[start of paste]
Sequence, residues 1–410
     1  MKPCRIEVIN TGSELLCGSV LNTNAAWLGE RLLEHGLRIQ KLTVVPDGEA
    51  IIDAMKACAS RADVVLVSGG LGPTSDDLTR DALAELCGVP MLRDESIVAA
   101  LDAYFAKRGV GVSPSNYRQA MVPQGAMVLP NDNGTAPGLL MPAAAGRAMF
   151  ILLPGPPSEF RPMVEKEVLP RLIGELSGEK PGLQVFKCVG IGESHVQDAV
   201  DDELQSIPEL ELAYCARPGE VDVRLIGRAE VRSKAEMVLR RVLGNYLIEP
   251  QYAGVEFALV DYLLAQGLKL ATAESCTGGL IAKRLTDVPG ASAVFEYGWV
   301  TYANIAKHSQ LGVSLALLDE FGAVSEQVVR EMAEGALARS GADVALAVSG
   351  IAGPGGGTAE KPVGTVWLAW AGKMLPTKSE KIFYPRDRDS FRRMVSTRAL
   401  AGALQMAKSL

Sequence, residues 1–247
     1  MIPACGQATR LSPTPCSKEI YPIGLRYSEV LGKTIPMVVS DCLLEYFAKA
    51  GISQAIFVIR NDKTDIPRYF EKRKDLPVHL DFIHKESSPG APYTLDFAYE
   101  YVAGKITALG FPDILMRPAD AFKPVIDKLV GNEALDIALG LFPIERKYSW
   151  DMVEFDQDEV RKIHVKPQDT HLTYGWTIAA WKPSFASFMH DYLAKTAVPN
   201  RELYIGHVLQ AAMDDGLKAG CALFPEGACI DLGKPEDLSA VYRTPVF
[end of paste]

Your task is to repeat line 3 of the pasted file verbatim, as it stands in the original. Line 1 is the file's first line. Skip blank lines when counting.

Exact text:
    51  IIDAMKACAS RADVVLVSGG LGPTSDDLTR DALAELCGVP MLRDESIVAA